Why Hal Robson-Kanu is responsible for the greatest goal in the history of football
If you were offered the opportunity to be President of the World for 24 hours, what would your first act be? My answer’s always the same: build a statue of Hal Robson-Kanu scoring that goal in Euro 2016. Ideally outside the Stade Pierre-Mauroy, but I’d happily extend it to versions in Cardiff, Reading and anywhere everyone’s favourite cryptocurrency-investing footballer has played to date.
When it comes to favourite or best goals ever, two years and a lot of thinking has passed, but absolutely nothing can eclipse Robson-Kanu’s Cruyff turn in the penalty area that took three defenders out of play before the striker fired low past Thiabut Courtois in the Belgian goal, and all but securing Wales’s place in the semi-finals.
Sure, there are potentially better goals. You could argue in recent years the overhead kicks by Gareth Bale and Cristiano Ronaldo in the Champions League are up there. Riley McGree’s outstanding scorpion kick for the Newcastle Jets is definitely the best goal you’ve probably never seen, or seen but don’t remember when, where or who. Classic goals such as Diego Maradona’s non-Hand of God goal against England, or John Barnes at the Maracana, or many, many more could lay claim to being the best goal of all time.
But there are a number of factors that make Robson-Kanu’s goal so special. Firstly, it’s the fact it’s Hal Robson-Kanu, a decent enough player to have a career in the Premier League, but also a striker whose specialism lay in not actually scoring goals. He was the beloved tireless workhorse who netted just five times in 44 games for Wales, opening up space for the likes of Bale to finish the job with aplomb.
He is a player whose connection to Wales was through his grandmother. A man without a club at that particular point in time. And a player who, if he pitched up at your club, would be met with an “oh, ok” rather than the excitement that sees grown men decamp to training grounds and insert a sex toy in a Sky Sports reporter’s ear.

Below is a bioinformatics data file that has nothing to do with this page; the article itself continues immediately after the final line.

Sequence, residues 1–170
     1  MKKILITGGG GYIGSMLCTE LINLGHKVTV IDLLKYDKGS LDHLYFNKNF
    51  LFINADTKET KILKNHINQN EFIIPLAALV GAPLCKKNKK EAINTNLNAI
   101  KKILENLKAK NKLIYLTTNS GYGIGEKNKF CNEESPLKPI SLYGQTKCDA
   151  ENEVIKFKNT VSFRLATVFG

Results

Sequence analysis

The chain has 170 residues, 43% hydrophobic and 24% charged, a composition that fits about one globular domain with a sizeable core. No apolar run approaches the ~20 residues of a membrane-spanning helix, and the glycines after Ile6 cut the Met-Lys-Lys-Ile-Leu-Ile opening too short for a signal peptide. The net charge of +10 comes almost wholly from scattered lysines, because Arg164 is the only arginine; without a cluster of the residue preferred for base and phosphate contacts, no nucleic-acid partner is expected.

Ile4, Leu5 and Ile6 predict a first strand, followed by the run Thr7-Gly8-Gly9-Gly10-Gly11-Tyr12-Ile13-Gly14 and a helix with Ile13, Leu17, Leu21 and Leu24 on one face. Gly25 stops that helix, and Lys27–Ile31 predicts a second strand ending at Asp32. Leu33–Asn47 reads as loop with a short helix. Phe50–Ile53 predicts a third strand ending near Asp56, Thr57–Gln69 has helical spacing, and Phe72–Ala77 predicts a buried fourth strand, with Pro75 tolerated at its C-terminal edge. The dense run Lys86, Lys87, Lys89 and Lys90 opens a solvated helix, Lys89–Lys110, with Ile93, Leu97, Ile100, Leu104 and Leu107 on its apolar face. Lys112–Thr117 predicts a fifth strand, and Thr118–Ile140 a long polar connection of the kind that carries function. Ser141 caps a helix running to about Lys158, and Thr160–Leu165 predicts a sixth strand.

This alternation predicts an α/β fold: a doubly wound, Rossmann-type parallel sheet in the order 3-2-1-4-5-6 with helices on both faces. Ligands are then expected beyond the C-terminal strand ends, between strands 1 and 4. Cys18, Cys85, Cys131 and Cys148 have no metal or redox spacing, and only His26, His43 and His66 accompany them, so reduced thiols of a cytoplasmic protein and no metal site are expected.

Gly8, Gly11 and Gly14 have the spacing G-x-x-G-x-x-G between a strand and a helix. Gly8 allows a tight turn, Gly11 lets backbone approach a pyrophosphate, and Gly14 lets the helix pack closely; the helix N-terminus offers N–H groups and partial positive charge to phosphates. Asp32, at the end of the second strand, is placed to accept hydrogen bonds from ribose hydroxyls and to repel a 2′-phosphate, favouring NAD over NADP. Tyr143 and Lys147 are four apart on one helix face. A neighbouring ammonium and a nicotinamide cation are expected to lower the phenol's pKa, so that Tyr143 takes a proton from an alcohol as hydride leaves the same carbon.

If this doesn’t make the point clear, let me repeat. It’s Hal Robson-Kanu. Had Lionel Messi, Ronaldo or Paul Pogba pulled off such as audacious move, the internet would be drowned in a sea of mass salivation as pundits and banter accounts all rushed to hyperbolise themselves in proclaiming it the best goal ever scored.
Hell, when Johann Cruyff first pioneered the move, there was mass salivation on sofas rather than keyboards, but this was still Cruyff, an imperious maestro who performed these moves with the nonchalance of James Bond lighting a cigarette while asking for a vodka martini, shaken not stirred. That was Cruyff. This was Hal Robson-Kanu.
Secondly, this was a goal scored for Wales. A team who hadn’t made a major tournament since 1958. A team who were more associated with heroic qualifying failures than troubling semi-finals. A team who were always a balance of brilliant individuals and Championship stalwarts.
Granted, this was a very good Welsh team, easily as good if not better as the 2004 vintage that should have qualified for that year’s Euros at the expense of Russia. It had Bale, Aaron Ramsey, the under-appreciated Joe Allen and peak-era Ashley Williams marshalling the defence. But still, Wales. Hal Robson-Kanu playing for Wales.
And thirdly, this was Wales against Belgium. A team that’s been regarded as an outside bet for any major tournament for so long they may as well change their nickname from Red Devils to Dark Horses. Wales had Hal Robson-Kanu and Neil Taylor (alongside Bale and Ramsey). Belgium had Eden Hazard, Kevin De Bruyne, Romelu Lukaku, Dries Mertens and Jan Vertonghen. Sure, Wales were goo,d but not comfortably-take-apart Belgium good. But yes. Robson-Kanu for Wales against star-studded Belgium.